IMG_7415

Purple Bladderwort

As previously mentioned, and eluded to in the title, Utricularia purpurea is a carnivorous plant.  It contains intricate leaves that float just below the water’s surface.  These leaves are loaded with small air-filled bladders that help keep the plant afloat.  Each bladder is equipped with a small, hair-like trigger. As tiny aquatic organisms swim by and brush against the trigger, the bladders instantly open, and as the water rushes in to occupy the vacant airspace, the organisms are sucked in.  The bladder then snaps shut, trapping them inside where they are slowly digested.  In the late spring through the summer the lavender flowers emerge from the depths.  U. purpurea is one of several species of Utricularia in Texas, but it is the only one with purple blooms.  The others are all yellow.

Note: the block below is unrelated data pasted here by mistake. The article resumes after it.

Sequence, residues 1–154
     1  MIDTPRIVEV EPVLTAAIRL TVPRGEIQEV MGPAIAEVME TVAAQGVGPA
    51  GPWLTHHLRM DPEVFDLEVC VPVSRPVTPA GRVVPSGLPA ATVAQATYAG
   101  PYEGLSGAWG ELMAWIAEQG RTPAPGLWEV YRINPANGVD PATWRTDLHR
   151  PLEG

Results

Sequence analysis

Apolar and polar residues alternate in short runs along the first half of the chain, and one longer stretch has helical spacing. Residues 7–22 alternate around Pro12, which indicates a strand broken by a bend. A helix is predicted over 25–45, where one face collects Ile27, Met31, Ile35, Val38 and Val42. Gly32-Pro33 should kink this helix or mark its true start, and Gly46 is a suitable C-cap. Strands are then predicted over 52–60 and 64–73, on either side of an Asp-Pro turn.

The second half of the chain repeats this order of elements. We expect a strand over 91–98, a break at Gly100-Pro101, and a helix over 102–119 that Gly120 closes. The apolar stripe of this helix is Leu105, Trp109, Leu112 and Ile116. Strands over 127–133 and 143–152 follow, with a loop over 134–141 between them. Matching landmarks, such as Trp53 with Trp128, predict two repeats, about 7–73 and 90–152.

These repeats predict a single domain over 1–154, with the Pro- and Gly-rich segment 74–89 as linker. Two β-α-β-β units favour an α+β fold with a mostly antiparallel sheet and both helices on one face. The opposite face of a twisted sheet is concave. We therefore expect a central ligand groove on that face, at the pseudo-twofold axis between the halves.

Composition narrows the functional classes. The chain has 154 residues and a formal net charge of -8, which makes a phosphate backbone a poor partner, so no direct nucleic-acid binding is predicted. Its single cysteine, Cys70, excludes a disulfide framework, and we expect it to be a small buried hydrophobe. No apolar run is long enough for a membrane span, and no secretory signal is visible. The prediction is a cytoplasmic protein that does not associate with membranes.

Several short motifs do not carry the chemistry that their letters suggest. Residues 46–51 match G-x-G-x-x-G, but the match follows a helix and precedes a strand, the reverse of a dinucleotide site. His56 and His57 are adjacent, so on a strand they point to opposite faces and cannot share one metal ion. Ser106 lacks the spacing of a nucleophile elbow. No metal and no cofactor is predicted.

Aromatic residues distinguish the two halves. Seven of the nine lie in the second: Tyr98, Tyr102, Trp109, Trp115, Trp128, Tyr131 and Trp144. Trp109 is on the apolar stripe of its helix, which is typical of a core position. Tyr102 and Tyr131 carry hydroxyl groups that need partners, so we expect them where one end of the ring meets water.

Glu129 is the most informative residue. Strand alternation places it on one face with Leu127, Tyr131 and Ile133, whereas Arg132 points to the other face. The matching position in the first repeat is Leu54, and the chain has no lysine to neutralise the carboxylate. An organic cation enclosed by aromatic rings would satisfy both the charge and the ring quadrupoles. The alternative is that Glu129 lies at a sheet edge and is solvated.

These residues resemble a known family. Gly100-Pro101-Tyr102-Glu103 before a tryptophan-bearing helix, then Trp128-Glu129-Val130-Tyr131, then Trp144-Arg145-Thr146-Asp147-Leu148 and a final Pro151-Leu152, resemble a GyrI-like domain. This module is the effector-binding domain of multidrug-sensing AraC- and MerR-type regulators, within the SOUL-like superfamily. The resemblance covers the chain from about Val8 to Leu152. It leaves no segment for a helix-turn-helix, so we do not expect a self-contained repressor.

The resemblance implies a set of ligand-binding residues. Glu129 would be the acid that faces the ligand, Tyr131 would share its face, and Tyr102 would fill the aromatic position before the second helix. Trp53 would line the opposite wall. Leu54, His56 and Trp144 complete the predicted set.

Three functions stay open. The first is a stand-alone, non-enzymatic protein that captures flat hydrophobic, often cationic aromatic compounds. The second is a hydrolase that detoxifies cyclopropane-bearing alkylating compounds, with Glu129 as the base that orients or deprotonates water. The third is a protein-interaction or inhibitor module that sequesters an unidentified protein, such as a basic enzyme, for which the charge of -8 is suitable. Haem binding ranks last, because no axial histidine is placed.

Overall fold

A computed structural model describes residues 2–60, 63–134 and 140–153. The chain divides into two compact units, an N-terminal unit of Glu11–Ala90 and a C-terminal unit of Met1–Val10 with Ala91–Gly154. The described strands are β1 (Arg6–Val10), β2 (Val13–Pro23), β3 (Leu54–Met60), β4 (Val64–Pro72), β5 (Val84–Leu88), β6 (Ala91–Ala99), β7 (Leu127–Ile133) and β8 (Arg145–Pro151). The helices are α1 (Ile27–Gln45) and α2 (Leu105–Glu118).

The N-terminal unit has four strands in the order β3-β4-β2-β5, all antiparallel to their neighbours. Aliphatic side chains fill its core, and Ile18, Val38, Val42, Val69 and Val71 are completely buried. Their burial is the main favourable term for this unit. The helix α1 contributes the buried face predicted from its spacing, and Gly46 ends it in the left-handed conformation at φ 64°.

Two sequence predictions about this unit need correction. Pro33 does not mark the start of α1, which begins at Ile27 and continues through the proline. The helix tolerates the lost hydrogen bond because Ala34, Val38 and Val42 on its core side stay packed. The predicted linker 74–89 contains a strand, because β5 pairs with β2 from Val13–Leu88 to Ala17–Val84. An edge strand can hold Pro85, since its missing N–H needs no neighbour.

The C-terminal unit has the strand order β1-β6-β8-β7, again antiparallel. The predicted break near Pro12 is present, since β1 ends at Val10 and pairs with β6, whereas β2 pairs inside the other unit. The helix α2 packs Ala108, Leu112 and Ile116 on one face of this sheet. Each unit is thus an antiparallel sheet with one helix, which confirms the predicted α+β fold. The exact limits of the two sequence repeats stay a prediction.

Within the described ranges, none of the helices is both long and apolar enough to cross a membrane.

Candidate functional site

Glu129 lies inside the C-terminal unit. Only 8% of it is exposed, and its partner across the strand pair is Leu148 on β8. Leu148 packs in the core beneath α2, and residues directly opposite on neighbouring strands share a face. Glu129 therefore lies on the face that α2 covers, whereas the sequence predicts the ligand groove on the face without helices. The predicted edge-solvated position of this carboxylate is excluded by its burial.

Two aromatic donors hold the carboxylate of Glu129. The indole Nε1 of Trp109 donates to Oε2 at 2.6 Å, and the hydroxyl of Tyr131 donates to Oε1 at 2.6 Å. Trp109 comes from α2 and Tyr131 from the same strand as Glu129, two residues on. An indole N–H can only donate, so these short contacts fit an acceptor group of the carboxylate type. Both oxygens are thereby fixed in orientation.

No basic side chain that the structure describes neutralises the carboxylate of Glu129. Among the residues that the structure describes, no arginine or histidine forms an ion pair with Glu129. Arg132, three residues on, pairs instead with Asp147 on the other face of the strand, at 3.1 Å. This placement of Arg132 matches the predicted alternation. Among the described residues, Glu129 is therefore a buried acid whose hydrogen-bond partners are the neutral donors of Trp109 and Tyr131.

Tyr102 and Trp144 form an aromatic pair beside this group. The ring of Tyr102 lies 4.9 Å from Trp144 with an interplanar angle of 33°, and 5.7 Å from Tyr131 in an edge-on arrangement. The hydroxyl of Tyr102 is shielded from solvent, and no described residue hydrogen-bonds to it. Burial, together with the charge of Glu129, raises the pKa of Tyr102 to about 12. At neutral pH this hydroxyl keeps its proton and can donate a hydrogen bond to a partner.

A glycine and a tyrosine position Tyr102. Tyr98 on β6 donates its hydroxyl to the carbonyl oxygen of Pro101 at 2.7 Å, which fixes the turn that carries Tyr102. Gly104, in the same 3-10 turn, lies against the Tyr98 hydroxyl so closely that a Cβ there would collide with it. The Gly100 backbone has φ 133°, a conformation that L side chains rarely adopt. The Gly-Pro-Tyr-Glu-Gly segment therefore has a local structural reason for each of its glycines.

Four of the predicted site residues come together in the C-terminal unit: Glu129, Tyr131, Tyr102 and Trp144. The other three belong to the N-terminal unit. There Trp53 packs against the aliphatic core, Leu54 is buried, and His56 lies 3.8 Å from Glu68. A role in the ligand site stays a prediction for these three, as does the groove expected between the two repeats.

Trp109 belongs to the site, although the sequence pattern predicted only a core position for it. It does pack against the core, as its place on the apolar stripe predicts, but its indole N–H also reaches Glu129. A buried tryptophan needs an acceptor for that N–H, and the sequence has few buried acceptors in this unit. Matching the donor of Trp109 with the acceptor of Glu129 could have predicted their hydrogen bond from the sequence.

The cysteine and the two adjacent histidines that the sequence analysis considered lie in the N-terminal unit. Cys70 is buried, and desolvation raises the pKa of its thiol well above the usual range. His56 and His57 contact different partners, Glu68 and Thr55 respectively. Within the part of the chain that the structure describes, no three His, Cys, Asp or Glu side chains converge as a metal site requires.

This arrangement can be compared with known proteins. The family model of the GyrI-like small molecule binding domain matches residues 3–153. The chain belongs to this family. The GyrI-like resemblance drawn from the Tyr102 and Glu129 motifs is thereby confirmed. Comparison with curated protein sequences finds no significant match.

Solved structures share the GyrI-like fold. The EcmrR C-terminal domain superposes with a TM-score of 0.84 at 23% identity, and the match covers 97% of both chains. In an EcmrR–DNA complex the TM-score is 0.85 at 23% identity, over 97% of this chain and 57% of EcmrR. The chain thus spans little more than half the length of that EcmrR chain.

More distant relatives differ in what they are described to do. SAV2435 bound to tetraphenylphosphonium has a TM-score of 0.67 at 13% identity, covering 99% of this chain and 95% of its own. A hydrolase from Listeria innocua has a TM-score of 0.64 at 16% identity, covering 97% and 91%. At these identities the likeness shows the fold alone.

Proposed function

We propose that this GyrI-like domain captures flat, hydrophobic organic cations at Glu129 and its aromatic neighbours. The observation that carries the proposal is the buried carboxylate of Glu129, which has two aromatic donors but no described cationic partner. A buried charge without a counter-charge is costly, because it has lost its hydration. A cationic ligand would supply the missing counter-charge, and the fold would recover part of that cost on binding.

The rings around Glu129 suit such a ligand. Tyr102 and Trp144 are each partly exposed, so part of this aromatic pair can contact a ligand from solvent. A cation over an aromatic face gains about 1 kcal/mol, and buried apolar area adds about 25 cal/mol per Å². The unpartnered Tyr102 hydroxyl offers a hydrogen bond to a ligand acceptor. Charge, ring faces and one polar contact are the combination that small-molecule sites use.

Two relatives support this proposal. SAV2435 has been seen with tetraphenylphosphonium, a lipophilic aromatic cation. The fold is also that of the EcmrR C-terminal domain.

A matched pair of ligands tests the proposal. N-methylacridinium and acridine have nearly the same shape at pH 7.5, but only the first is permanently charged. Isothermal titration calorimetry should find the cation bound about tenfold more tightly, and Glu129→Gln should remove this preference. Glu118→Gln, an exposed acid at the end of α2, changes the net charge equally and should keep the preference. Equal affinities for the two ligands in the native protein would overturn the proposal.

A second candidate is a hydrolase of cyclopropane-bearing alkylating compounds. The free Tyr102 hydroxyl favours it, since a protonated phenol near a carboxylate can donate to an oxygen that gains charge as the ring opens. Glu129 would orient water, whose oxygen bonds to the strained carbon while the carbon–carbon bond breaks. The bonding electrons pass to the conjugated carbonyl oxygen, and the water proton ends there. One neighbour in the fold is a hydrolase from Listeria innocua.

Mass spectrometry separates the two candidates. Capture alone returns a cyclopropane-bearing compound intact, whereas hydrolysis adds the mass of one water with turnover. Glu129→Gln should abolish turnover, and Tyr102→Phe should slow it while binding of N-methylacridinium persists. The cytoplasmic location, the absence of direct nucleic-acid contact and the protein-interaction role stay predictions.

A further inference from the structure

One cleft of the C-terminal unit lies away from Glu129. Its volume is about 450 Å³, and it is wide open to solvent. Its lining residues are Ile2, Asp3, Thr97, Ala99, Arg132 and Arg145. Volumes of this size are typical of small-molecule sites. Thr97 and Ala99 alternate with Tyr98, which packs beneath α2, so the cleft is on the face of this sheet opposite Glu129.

IMG_7494

Purple Bladderwort.  If you look closely you can see some of the round bladders under the water.

The flatwood ponds in which I photographed the Purple Bladderwort that day were the finest I have ever seen.  These unique aquatic communities occur in clay-bottomed depressions where over the millennia water and organic material have accumulated.  Historically they were dominated by a variety of grasses and sedges, kept free from woody encroachment by regular wildfires.  In the modern era of development and fire suppression, however, high quality examples have all but disappeared.  They have persisted on this Nature Conservancy property, however, as a result of their excellent stewardship which includes frequent burns that penetrate into the ponds.  Scattered trees, mostly Swamp Tupelo (Nyssa biflora) exist on the margins, but the centers of the pond are open for acres.

Unfortunately I did not take any photos looking toward the center of the ponds, however I did capture the photo below looking back to the margins.  I found U. purpurea to be most common among the grasses and trees along the ponds’ margins.

IMG_7448

Flatwoods pond margin